AI-generated content is increasingly used in ordinary human communications, fuelled by products such as ChatGPT, Snapchat AI-stickers, and TikTok video filters. As a result, steganography may become more widespread as the mere presence of AI-generated content will cease to arouse suspicion.
Co-lead author Dr Christian Schroeder de Witt (Department of Engineering Science, University of Oxford) said: ‘Our method can be applied to any software that automatically generates content, for instance probabilistic video filters, or meme generators. This could be very valuable, for instance, for journalists and aid workers in countries where the act of encryption is illegal. However, users still need to exercise precaution as any encryption technique may be vulnerable to side-channel attacks such as detecting a steganography app on the user’s phone.’
Co-lead author Samuel Sokota (Machine Learning Department, Carnegie Mellon University) said: ‘The main contribution of the work is showing a deep connection between a problem called minimum entropy coupling and perfectly secure steganography. By leveraging this connection, we introduce a new family of steganography algorithms that have perfect security guarantees.’
Contributing author Professor Jakob Foerster (Department of Engineering Science, University of Oxford) said: ‘This paper is a great example of research into the foundations of machine learning that leads to breakthrough discoveries for crucial application areas. It's wonderful to see that Oxford, and our young lab in particular, is at the forefront of it all.’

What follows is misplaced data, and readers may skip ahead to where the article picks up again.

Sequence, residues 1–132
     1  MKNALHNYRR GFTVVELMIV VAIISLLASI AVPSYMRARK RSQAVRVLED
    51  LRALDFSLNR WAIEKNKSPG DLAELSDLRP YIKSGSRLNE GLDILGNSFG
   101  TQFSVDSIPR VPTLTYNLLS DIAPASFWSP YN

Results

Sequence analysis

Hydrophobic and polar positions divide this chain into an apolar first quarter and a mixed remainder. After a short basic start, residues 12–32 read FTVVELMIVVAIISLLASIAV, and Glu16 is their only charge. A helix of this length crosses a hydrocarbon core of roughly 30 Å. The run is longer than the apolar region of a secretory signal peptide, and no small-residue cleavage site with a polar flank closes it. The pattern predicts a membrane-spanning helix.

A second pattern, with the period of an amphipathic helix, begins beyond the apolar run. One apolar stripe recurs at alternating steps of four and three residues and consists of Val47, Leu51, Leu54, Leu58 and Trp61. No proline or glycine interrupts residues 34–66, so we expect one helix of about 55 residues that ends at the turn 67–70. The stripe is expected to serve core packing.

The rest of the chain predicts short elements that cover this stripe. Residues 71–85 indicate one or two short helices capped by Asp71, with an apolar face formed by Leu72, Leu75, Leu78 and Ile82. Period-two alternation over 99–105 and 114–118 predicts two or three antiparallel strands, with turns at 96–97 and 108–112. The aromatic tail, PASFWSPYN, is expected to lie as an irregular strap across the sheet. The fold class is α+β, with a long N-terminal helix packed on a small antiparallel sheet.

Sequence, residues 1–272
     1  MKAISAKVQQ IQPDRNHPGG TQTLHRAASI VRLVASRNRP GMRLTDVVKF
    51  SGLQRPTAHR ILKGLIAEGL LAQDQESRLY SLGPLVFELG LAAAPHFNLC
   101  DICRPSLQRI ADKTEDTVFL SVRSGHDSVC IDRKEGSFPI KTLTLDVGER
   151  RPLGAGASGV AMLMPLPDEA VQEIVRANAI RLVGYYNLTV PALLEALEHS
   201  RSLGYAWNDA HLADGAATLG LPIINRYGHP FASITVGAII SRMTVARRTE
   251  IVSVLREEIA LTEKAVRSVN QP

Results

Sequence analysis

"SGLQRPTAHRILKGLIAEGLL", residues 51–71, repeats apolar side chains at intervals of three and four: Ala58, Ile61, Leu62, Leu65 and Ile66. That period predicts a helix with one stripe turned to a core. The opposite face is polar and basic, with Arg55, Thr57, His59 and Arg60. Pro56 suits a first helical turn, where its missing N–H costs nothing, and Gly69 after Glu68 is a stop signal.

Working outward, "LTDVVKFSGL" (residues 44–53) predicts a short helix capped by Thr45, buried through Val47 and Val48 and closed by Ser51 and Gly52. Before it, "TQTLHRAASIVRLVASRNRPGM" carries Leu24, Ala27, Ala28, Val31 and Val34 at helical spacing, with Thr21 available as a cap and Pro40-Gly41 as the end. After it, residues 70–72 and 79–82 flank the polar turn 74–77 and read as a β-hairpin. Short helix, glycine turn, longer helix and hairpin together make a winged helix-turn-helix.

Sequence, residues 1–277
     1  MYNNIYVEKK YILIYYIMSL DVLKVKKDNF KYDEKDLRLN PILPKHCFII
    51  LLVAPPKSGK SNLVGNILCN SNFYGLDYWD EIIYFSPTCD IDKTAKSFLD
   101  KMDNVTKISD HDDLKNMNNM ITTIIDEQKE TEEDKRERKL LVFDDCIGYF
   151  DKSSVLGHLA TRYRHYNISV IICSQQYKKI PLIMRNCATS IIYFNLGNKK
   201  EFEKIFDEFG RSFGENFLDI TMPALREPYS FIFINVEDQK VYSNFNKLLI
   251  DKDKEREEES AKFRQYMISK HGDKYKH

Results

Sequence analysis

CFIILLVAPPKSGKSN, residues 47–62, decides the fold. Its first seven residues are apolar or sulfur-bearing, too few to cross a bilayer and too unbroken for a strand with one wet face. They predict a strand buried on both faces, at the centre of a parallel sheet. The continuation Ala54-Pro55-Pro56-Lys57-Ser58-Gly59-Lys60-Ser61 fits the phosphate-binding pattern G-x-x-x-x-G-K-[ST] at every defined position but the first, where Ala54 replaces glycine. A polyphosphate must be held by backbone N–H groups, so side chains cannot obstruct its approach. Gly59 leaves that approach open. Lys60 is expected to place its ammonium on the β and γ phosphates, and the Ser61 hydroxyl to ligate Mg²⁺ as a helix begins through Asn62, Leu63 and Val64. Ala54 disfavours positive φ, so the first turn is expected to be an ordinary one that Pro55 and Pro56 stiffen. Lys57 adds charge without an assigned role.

Besides Dr Christian Schroeder de Witt, Samuel Sokota and Professor Jakob Foerster, the study involved Prof. Zico Kolter at Carnegie Mellon University, USA, and Dr Martin Strohmeier from armasuisse Science+Technology, Switzerland. The work was partially funded by a EPSRC IAA Doctoral Impact fund hosted by Professor Philip Torr, Torr Vision Group, at the University of Oxford.
Notes to editors:
For media enquiries and interview requests, contact Dr Christian Schroeder de Witt (email@example.com).
The paper ‘Perfectly Secure Steganography using Minimum Entropy Coupling’ will be published on arXiv. The paper will be available at https://arxiv.org/abs/2210.14889. To view a copy of the paper before this, under embargo, contact Dr Christian Schroeder de Witt (firstname.lastname@example.org).
About the University of Oxford
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About Carnegie Mellon University
A private, global research university, Carnegie Mellon stands among the world's most renowned educational institutions, and sets its own course. Start the journey here. Over the past 10 years, more than 400 startups linked to CMU have raised more than $7 billion in follow-on funding. Those investment numbers are especially high because of the sheer size of Pittsburgh’s growing autonomous vehicles cluster – including Uber, Aurora, Waymo and Motional – all of which are here because of their strong ties to CMU. With cutting-edge brain science, path-breaking performances, innovative startups, driverless cars, big data, big ambitions, Nobel and Turing prizes, hands-on learning, and a whole lot of robots, CMU doesn't imagine the future, it creates it.